You’ve probably seen thousands of doctored photographs in your lifetime without you knowing it. From advertisements to political campaigns, altered and faked images surround us every day. Restaurants make their food look more appetising, magazines make their models skinnier and blemish free, colleges and politicians splice people into photographs to make their students and crowds look more diverse. In political campaigns especially, faked images show up again and again. (it’s no surprise that, of late, certain politicians have taken to simply making up fake facts as well as fake photos). A recent example: almost immediately after news of the attack on Charlie Hebdo’s HQ broke, dozens of fake images and false comments on them flooded every social media outlet. The message was always the same: “They are lying to you.” The intent was to sow FUD – fear, uncertainty, and doubt – about legitimate news reports, and to blame “the Jews,” “the Freemasons,” “the Illuminati,” or some other mysterious group that “really runs the world.” And then there are clever hoaxsters (many of whom are paid marketers), who create outlandish images by using photo editing tools such as Photoshop. The “Giant Squid on Santa Monica Beach” photo is one such example. The Gallery of Fake Viral Images has many more examples of doctored and misrepresented photos that have been passed along by lazy or unthinking people. (See also the Field Guide to Fake News Sites and Hoax Purveyors from Snopes.)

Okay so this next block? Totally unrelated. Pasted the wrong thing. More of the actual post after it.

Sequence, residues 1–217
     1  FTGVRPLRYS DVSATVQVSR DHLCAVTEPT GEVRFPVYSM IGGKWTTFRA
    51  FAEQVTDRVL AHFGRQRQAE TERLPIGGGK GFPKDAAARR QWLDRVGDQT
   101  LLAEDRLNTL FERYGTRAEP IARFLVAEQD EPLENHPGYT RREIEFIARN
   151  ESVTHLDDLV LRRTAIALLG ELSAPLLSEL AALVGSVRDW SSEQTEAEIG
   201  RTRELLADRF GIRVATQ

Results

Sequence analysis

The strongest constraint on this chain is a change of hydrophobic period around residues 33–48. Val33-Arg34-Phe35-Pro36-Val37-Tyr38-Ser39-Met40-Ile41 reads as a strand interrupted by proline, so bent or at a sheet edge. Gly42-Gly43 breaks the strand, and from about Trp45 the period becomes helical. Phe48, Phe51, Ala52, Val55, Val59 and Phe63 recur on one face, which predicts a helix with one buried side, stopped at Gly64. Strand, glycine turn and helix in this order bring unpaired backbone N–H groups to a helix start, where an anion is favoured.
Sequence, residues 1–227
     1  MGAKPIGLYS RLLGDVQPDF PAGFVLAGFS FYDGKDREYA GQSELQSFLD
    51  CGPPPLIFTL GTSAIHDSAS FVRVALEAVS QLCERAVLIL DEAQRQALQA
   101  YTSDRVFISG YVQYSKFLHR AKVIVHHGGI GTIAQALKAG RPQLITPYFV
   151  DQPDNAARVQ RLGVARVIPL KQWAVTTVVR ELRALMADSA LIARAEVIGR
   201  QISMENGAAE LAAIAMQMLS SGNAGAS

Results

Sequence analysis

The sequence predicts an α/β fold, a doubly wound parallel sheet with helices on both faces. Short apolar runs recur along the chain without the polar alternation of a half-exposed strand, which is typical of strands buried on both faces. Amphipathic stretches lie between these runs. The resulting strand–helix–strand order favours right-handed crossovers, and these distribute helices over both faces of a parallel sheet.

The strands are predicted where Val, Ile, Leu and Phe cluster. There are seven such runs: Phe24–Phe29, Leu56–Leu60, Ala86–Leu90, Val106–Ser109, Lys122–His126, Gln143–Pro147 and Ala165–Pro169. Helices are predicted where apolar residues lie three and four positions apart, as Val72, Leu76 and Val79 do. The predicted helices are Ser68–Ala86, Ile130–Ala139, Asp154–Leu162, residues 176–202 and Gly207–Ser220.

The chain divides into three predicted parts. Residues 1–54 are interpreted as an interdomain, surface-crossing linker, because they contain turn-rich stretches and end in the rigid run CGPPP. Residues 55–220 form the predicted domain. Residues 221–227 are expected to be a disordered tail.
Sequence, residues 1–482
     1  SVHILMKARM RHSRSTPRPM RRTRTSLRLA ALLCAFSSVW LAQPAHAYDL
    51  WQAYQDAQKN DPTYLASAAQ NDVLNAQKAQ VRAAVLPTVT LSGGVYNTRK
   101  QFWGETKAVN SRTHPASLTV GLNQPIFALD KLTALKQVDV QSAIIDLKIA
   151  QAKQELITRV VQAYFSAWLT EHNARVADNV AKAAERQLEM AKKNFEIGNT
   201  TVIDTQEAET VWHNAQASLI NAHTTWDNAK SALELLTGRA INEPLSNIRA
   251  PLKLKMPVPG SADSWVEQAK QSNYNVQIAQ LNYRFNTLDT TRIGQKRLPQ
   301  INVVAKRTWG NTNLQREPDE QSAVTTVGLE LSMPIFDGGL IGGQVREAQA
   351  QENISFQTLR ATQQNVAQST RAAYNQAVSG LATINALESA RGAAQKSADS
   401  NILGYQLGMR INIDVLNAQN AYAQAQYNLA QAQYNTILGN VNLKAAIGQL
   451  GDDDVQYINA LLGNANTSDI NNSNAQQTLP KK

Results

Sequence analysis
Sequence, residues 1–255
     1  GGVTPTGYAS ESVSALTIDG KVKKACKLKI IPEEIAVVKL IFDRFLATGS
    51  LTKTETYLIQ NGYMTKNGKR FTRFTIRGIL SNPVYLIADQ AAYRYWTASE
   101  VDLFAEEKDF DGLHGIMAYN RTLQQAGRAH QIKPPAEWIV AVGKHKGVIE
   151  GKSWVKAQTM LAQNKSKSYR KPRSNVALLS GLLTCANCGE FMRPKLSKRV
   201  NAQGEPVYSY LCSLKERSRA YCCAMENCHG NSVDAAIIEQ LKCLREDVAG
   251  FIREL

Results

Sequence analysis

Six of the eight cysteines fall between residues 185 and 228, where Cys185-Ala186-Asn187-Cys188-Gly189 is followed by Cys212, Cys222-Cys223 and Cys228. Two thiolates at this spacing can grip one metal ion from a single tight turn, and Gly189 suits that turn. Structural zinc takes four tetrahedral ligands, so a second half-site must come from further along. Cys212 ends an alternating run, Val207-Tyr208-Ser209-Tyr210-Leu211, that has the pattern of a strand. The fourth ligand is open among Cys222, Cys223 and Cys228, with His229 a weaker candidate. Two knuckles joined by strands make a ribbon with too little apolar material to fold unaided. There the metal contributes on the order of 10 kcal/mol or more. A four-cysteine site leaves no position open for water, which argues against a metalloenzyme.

The general rule of thumb for today’s readers is that when you see a photo (especially one online) you need to take three steps: